Tardy Sprinters Part of Coach’s Legacy
ATLANTA (AP) _ Stan Wright vividly remembers wanting to throw a chair at Howard Cosell during a television interview at the 1972 Olympics in Munich.
The sportscaster was laying the blame on Wright because two U.S. sprinters were eliminated from the 100-meter competition for missing their starting time in a preliminary round.
It really wasn’t Wright’s fault, but he shouldered the blame anyway.
``That was a very devastating part of my life from an emotional standpoint, very devastating and traumatic because it not only affected me, it affected my family,″ Wright said. ``I had young children.″
The 75-year-old Wright, who was inducted into the national Track and Field Hall of Fame in 1993, plans to retire for good at the end of the 1996 Olympics in Atlanta, where he will finish his service as special assistant to the president of USA Track and Field.
He recalled the circumstances surrounding the disappointment at Munich during the recent USATF convention in Atlanta.
Wright said the Germans changed the scheduled starting times for second-round races in the 100. That information was given to the U.S. team manager and head coach, but never reached the assistant coaches.
Wright said his sprinters had advanced through the first round in the morning and returned to the Olympic village so Rey Robinson could receive treatment for a pulled hamstring. Wright had a schedule that showed two heats of the 10,000 meters would be run before the second round of the 100. That was reversed by the Germans.
When he and the sprinters were returning to the stadium, they saw Cosell and other ABC personnel watching a monitor, he said. They asked what was on and were told it was the 100. They soon discovered it wasn’t reruns of the morning heats; it was live.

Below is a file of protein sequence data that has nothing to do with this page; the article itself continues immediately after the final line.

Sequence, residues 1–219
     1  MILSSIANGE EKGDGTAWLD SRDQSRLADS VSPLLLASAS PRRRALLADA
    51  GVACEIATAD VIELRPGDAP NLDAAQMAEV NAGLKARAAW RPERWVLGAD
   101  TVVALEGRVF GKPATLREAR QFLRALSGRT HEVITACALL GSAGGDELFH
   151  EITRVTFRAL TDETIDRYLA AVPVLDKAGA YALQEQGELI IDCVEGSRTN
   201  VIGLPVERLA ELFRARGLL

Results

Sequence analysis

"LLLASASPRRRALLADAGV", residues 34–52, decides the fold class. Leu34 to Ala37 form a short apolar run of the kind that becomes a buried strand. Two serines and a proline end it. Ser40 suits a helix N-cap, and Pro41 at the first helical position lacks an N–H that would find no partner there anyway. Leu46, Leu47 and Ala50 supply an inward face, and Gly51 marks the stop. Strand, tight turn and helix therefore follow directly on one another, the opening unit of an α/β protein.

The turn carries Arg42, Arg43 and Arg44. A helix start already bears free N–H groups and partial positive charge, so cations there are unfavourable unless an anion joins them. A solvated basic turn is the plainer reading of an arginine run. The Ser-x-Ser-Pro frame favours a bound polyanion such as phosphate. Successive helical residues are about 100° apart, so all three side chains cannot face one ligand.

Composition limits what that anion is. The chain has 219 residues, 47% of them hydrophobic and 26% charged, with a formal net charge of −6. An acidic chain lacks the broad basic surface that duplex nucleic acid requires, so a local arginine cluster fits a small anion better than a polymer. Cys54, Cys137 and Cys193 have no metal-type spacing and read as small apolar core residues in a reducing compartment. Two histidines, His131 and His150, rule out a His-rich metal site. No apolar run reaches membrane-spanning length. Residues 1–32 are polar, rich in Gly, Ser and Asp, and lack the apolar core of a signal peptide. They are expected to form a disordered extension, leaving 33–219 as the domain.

By the time they reached the stadium, it was too late for Robinson and Eddie Hart. Robert Taylor got to the starting line just in time for his heat, still wearing his warmups.
Wright told him to false start, giving him time to remove his warmups and put on his track shoes and take a few knee-bends. He finished second in the heat behind the Soviet Union’s Valery Borzov _ the same way they finished in the final.
``The other two kids and I almost lost our minds,″ Wright said. ``We were crying. It was shocking. We really didn’t know what had happened.″
Wright became angry with Cosell when he appeared on ABC that night after the sportscaster claimed Robinson said Wright had given the sprinters the wrong schedule.
``It was a damn lie,″ Wright said. ``Rey Robinson never told him that.
``He (Cosell) treated me atrociously and he just did a number on me, being nasty and mean about it, (saying) that I owed the American public an apology.
``I wanted to take the chair and throw it at him and leave,″ he said. ``I couldn’t do that. I had to maintain my composure. So, yes, I took the blame, and very frankly, it was hard.″
Wright built his coaching fame at Texas Southern, where his teams were dominating in the Texas, Kansas and Drake relays. He also coached at Western Illinois and Sacramento State, and served four years as athletic director at Sacramento and six at Fairleigh Dickinson.
He retired from his college work in 1988 and since has had tenures on the U.S. Olympic Committee and performed various duties with the nation’s ruling track federation, now the USATF.
``My greatest fulfillment has been in coaching,″ he said. ``I liked the challenge of administration and I liked working with the people. Coaching is hands on, that nitty-gritty relationship with athletes. That’s what I always wanted.″
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